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Eat or Die: Cannibalism as Manifest Destiny in "Ravenous"
For those of us fascinated by horror, we can always trace back our obsession to a single film or moment in time when horror grabbed us and didn’t let go. For me one of those moments was when I watched Ravenous, a horrifying story of cannibalism set on the American frontier that draws a parallel between consuming flesh and the US desire to consume the continent that drove the theory of manifest destiny.
Manifest destiny arose in the 19th century as the belief that the United states was destined to occupy the continent of North America from the Atlantic to the Pacific oceans. This idea drove westward expansion in the 1800s as intrepid Americans pressed on to bring civilization and Christianity to the open frontier.
Ravenous opens up in the heart of the Mexican-American war, one of the major conflicts fueled by manifest destiny after the annexation of Texas. We follow Captain John Boyd being honored for his bravery in battle at a steak dinner. But Boyd is no hero. During a pivotal battle with Mexican fighters, he plays dead to avoid being killed. The fighters don’t realize he’s playing possum and he gets transported behind enemy lines. This is where Boyd first acquires his taste for blood. Stretched beneath the corpses of his bravely departed comrades, he can do nothing as the blood of his slain captain drips down his throat.
According to Colqhoun, he was part of a party of travelers pressing west into California when the bitter winter took them by surprise. Low on supplies they ate the oxen, horses and eventually began gnawing on their shoe leather for sustenance. When one of the party dies, the others serve him up on a platter to keep themselves alive.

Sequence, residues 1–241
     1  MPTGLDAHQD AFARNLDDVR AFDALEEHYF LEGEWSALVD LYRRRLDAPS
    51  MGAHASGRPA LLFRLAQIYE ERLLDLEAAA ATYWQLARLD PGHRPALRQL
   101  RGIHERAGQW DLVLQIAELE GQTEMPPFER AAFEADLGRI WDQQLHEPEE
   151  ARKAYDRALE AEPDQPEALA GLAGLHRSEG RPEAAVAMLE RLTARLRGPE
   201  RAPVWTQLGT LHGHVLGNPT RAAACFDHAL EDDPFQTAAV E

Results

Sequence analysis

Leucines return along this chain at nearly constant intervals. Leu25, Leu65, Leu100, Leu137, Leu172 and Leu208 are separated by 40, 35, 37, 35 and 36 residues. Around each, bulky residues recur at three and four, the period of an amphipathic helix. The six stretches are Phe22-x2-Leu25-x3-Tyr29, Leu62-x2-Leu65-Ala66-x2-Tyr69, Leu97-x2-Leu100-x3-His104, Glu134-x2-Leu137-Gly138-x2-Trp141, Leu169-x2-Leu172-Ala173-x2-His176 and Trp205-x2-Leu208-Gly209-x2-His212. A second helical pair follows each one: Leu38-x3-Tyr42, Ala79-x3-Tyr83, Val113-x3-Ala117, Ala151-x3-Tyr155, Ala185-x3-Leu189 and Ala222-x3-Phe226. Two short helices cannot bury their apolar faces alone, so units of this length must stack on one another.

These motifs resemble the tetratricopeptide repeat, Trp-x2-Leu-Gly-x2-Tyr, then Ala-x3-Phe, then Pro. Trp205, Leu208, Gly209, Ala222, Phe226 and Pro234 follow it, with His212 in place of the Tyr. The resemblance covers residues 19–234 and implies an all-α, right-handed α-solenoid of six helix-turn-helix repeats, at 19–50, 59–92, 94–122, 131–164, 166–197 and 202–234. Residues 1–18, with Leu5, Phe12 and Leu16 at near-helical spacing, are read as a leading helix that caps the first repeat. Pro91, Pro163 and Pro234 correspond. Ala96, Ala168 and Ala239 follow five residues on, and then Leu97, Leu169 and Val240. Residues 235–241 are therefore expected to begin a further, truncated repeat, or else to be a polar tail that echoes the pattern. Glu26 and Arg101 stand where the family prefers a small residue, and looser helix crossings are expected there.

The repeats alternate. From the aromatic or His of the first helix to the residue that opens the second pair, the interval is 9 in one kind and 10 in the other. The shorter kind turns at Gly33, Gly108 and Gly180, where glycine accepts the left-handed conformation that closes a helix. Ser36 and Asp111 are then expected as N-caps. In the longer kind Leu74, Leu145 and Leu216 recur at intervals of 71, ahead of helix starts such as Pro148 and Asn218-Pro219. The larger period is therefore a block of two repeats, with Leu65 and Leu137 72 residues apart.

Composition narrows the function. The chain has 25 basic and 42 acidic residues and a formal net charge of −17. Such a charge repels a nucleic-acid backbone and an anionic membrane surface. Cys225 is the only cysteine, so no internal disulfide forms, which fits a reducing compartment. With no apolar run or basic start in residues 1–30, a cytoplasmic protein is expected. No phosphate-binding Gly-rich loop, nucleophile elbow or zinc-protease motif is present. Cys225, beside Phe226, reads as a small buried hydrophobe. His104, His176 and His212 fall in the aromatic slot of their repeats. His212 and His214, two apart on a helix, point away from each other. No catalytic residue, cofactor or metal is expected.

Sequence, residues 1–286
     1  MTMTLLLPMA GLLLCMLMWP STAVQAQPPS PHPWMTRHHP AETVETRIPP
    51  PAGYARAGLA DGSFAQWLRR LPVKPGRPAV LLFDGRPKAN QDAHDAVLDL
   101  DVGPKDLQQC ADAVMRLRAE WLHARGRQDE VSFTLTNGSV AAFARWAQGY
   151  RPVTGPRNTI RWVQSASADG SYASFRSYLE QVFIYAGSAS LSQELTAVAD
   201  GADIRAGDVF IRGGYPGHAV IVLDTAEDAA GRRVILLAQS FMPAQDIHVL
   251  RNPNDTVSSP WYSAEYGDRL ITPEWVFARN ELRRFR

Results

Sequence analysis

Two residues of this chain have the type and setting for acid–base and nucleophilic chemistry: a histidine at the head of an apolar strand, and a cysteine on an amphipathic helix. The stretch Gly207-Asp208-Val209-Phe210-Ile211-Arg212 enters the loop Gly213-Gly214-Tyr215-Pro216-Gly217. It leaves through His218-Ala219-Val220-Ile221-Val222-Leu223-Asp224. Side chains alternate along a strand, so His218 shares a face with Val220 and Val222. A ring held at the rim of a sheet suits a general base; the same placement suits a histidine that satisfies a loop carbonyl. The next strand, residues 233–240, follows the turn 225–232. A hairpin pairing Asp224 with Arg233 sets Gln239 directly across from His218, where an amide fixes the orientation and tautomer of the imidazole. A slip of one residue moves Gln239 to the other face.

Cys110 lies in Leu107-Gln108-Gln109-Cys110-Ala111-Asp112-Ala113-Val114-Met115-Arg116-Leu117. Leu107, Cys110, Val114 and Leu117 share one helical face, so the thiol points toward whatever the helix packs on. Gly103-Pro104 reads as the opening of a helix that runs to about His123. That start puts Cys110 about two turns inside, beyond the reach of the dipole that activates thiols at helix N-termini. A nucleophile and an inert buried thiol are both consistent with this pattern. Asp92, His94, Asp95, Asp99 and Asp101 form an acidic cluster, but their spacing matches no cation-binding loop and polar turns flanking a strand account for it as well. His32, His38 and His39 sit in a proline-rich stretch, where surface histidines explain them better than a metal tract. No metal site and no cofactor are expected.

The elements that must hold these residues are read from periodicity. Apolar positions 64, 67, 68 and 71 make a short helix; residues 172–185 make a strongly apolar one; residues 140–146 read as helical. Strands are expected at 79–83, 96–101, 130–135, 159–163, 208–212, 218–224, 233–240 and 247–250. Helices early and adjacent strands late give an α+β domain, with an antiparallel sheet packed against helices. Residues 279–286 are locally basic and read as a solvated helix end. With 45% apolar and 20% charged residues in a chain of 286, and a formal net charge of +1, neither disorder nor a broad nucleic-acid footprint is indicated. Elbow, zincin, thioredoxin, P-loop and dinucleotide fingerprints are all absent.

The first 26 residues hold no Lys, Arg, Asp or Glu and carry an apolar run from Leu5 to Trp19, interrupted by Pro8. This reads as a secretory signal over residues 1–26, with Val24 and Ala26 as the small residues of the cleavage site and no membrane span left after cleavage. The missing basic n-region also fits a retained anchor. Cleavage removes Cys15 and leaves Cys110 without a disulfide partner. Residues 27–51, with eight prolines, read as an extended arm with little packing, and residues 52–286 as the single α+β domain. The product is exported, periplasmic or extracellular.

The film’s critique of monstrous manifest destiny ends on a bleak note, as the Indian guide Martha walks in on Colqhoun and Boyd locked in a death embrace. In Martha, the film offers a simple enough solution to the all-consuming hunger of American imperialism: just walk away. The camera follows Martha as she departs into wilderness, but it seems that nothing is that simple. The camera shifts its eye and we watch as the officer Martha brought back to the fort on Ive’s orders takes a sip of the bubbling stew made from human flesh, suggesting that while you can walk away, the vicious cycle of hunger will continue.
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Cress arugula peanut tigernut wattle seed kombu parsnip. Lotus root mung bean arugula tigernut horseradish endive yarrow gourd. Radicchio cress avocado garlic quandong collard greens.